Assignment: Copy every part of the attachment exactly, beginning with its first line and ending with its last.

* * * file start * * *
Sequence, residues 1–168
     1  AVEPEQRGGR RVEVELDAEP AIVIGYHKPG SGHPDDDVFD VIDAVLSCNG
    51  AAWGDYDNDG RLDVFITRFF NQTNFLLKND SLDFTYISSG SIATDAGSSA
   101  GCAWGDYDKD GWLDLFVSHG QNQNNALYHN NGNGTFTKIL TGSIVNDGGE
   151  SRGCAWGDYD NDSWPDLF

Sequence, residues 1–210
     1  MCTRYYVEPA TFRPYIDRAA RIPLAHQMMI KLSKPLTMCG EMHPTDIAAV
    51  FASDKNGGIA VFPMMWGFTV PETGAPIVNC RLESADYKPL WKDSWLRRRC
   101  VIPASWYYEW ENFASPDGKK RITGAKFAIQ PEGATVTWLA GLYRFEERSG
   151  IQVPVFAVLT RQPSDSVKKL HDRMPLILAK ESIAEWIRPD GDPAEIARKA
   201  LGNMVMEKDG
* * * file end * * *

Sequence, residues 1–168
     1  AVEPEQRGGR RVEVELDAEP AIVIGYHKPG SGHPDDDVFD VIDAVLSCNG
    51  AAWGDYDNDG RLDVFITRFF NQTNFLLKND SLDFTYISSG SIATDAGSSA
   101  GCAWGDYDKD GWLDLFVSHG QNQNNALYHN NGNGTFTKIL TGSIVNDGGE
   151  SRGCAWGDYD NDSWPDLF

Sequence, residues 1–210
     1  MCTRYYVEPA TFRPYIDRAA RIPLAHQMMI KLSKPLTMCG EMHPTDIAAV
    51  FASDKNGGIA VFPMMWGFTV PETGAPIVNC RLESADYKPL WKDSWLRRRC
   101  VIPASWYYEW ENFASPDGKK RITGAKFAIQ PEGATVTWLA GLYRFEERSG
   151  IQVPVFAVLT RQPSDSVKKL HDRMPLILAK ESIAEWIRPD GDPAEIARKA
   201  LGNMVMEKDG